Donald Campbell was one of the leading psychologists of the second half of the twentieth century. His was a time of optimism for planners—there was a belief that the power of technology could be brought to bear on many of the world’s ills. And indeed they were, often with positive effects. As a result of central planning, more people receive water, more places are electrified, more children educated, and more diseases eradicated. All good goals with which Campbell would not quibble.
But Campbell noticed something else to, the emergence of “corruption pressures,” based on the general principle that is now known as “Campbell’s Law.”
The more any quantitative social indicator is used for social decision-making, the more subject it will be to corruption pressures and the more apt it will be to distort and corrupt the social processes it is intended to monitor.
In different ways, both Michael Scroggins and Max Holland have pointed at this basic problem in their recent blogs critiquing intelligence tests ranging from the standard tests, to the SAT and college entrance exams. Such intelligence tests are indeed used to divide up the spoils of placement spots at elite schools, and not surprisingly, ambitious parents seek to corrupt it by means both fair or not. But for use in general analysis like that done by the evolutionary psychologists, the consequences are that their data source over time is corrupted. The cheating scandals associated the No Child Left Behind Act are a byproduct of Campbell’s Law. So is the fact that the SAT exam was recently cancelled in South Korea due to widespread cheating. However most of the corruption does not come from cheating. It also comes from the fact that such standardized tests are routinely gamed by testing companies which guarantee 100 extra points on the SAT through $1000 prep courses (I used one of these classes for my daughter—it worked!).
For what it is worth, tests like the internationally administered National Association of Educational Progress (NAEP) which do not have consequences attached to them are much less likely to be gamed. They do not have consequences for funding, admissions, etc., attached to them because they sample across broad areas, and report results on large geographical areas rather than individuals.
Which brings up the BGI Cognitive Genetics Gene Trait Association Study of Intelligence that Michael Scroggins wrote about, and which Dr. Steve Hsu is promoting as a member of the Core Team of BGI. The Chinese company is seeking people with “high cognitive abilities,” as defined by high scores on the SAT and other standardized tests, or PhDs in a limited number of fields (e.g. physics, computer science, electrical engineering) from “top” US universities.
The implicit assumption is that these people must have DNA which makes them higher functioning than the rest of us. There are a number of flaws with this approach, starting with those pointed to by Donald Campbell—particularly the fact that the measures they are using long ago lost the validity and reliability due to corruption pressures. There is also the problem that Michael, Max, and I have been hammering home here at Ethnography.com, which is that “intelligence” is always culturally defined, typically by those who have the power to define people like themselves as, well, “intelligent.” (Perhaps this is why BGI does not want people with PhD degrees in fields they have not studied, or from universities outside the US–this is who they are).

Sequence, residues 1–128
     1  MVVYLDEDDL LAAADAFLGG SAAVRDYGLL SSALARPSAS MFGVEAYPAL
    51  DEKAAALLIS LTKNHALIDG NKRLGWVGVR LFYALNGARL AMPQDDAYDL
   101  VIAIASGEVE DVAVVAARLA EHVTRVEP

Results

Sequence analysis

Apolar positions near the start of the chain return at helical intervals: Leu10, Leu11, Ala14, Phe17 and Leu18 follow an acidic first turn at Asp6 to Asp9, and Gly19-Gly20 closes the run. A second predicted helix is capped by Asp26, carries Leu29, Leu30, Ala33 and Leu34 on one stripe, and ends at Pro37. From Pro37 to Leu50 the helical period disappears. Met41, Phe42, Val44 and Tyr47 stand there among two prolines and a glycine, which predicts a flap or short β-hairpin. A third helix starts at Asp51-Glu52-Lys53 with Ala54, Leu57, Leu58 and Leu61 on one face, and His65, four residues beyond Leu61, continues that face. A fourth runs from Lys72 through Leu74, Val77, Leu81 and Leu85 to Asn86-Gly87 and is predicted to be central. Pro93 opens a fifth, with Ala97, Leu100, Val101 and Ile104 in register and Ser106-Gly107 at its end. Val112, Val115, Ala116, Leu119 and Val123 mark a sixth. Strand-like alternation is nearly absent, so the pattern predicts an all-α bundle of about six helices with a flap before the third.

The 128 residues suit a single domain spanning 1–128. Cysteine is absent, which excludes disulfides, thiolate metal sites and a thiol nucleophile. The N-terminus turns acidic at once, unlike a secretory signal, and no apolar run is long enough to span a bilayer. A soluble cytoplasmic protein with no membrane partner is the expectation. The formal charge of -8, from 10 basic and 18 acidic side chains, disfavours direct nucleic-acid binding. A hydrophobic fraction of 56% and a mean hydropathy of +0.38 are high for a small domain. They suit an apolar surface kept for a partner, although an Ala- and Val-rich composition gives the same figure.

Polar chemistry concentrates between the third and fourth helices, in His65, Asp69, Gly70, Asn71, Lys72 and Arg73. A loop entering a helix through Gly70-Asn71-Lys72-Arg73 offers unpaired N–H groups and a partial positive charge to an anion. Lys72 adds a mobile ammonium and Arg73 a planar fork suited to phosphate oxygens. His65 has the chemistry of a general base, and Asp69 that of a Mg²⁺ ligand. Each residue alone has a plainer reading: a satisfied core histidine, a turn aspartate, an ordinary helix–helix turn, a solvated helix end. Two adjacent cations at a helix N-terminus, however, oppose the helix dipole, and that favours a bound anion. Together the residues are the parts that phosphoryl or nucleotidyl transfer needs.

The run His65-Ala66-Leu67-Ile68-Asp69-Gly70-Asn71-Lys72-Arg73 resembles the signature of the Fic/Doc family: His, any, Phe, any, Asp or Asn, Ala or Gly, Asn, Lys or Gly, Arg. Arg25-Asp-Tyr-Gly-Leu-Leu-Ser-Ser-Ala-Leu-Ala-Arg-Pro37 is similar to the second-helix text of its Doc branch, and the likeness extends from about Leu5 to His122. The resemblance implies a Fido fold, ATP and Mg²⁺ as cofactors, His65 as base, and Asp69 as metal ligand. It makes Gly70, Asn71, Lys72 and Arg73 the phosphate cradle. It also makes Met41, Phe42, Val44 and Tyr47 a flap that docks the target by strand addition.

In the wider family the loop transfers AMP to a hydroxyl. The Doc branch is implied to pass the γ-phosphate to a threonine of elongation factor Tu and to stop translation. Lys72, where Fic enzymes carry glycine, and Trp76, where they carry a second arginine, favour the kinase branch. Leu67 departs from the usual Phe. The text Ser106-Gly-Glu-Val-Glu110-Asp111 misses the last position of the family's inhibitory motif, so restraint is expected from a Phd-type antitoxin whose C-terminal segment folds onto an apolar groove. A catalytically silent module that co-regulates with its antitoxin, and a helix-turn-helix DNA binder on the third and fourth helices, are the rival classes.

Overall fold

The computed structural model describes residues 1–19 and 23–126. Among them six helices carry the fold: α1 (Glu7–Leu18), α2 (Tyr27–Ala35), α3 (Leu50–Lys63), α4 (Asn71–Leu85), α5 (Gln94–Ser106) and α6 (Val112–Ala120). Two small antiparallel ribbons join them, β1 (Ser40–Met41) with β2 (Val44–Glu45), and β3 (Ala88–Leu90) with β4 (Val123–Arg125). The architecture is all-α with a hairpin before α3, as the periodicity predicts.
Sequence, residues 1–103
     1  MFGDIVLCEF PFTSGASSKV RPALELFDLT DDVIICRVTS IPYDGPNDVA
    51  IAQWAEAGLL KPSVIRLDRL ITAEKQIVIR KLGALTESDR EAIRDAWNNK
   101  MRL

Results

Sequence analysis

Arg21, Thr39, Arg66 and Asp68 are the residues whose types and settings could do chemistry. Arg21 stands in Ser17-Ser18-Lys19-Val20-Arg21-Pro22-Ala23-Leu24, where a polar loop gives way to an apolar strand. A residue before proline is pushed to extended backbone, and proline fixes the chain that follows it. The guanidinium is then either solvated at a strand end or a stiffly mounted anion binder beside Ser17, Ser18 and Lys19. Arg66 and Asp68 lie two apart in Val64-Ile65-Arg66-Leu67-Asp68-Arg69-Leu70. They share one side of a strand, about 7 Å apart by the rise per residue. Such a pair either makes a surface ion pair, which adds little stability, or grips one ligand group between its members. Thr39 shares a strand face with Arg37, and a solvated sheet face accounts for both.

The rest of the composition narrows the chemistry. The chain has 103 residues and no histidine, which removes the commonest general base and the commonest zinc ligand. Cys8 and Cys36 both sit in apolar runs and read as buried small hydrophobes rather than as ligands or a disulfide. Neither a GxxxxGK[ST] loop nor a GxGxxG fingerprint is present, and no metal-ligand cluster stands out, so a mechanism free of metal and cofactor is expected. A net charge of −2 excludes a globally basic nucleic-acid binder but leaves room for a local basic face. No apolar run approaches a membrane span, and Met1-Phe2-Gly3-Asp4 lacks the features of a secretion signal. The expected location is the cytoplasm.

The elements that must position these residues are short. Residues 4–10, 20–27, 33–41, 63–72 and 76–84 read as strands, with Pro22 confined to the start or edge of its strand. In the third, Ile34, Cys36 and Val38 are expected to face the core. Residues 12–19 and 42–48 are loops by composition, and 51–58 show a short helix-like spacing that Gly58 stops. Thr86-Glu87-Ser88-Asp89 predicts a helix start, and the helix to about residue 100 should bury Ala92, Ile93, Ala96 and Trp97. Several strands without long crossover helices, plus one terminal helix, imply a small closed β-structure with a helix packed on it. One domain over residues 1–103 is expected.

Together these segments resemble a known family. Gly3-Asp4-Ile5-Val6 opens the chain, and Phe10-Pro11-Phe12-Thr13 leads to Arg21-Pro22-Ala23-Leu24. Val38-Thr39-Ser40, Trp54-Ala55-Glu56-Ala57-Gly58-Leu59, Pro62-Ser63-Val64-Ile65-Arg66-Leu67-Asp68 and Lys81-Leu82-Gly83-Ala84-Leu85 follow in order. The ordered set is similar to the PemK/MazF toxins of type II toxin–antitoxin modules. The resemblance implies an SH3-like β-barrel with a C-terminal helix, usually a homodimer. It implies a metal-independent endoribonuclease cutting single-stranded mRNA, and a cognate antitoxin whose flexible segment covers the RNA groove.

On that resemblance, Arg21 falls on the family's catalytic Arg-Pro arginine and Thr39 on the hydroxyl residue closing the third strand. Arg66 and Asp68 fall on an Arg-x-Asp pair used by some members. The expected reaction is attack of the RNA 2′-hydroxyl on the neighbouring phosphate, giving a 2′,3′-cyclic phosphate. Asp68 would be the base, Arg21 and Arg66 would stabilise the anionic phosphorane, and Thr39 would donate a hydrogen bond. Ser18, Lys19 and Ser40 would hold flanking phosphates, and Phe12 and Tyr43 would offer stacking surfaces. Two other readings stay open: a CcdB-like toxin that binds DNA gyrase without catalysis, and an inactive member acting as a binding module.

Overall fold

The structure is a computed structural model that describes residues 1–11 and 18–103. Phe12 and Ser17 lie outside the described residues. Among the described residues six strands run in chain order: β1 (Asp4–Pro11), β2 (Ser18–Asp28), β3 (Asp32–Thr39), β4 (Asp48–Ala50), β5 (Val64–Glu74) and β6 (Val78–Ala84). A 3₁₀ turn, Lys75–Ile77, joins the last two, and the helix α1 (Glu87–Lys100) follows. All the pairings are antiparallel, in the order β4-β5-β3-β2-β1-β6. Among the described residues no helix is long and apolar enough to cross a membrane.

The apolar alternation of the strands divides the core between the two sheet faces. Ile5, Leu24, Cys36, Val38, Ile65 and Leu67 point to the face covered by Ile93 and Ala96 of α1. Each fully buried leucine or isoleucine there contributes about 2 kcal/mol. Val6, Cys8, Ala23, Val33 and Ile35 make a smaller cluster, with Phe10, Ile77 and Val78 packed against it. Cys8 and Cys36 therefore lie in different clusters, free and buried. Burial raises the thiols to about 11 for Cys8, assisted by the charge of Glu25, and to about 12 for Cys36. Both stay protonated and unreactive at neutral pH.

There are of course other reasons why BGI are off on a fool’s errand, some of which is described in Chapter 5 of my recent (2012) book Schooling, Childhood, and Bureaucracy: Bureaucratizing the Child. Chapter 5 is called “The Sorting Function of Schools: Institutionalized Privilege and Why Harvard is a Social Problem for Both the Middle Class and Public School 65 in the Bronx.” For that matter Chapter 8 “Seeing Like a State: Efficiency, Calculability, Predictivity, Control Testing Regimes, and School Administration” is also relevant. (Sorry the book is still only out in hardcover at $90, and Kindle for $72—check your library for a copy, or wait for the paperback version). To summarize the findings in my book: Success on tests are inevitably associated with reproducing the status quo, whatever status quo the elites of the day might be promoting.
As for Campbell’s Law, I hope that the people organizing such projects as the Gene Trait Association Study of Intelligence read Donald Campbell’s article carefully, even if he is not an electrical engineer or physicist with a PhD from a top US University, or an 800 on the math portion of the SAT.
Tony Waters is czar and editor of Ethnography.com. He came to us from the Sociology department at California State University at Chico where he has been a professor since 1996. In 2016 though he suddenly found himself with a new gig at Payap University in northern Thailand where he is on the faculty of the Peace Studies Department. He has also been a guest professor in Germany, and Tanzania. In the past, his main interests have been international development and refugees in Thailand, Tanzania, and California. This reflects a former career in the Peace Corps (Thailand), and refugee camps (Thailand and Tanzania). His books include: Crime and Immigrant Youth (1999), Bureaucratizing the Good Samaritan (2001), The Persistence of Subsistence Agriculture: Life Beneath of the Marketplace (2007), When Killing is a Crime (2007), and Schooling, Bureaucracy, and Childhood: Bureaucratizing the Child (2012). His hobby is trying to learn strange languages–and the mistakes that that implies. Tony is a prolific academic, you can read more of his work at academia.edu.or purchase one (or more!) of his books from Amazon.com.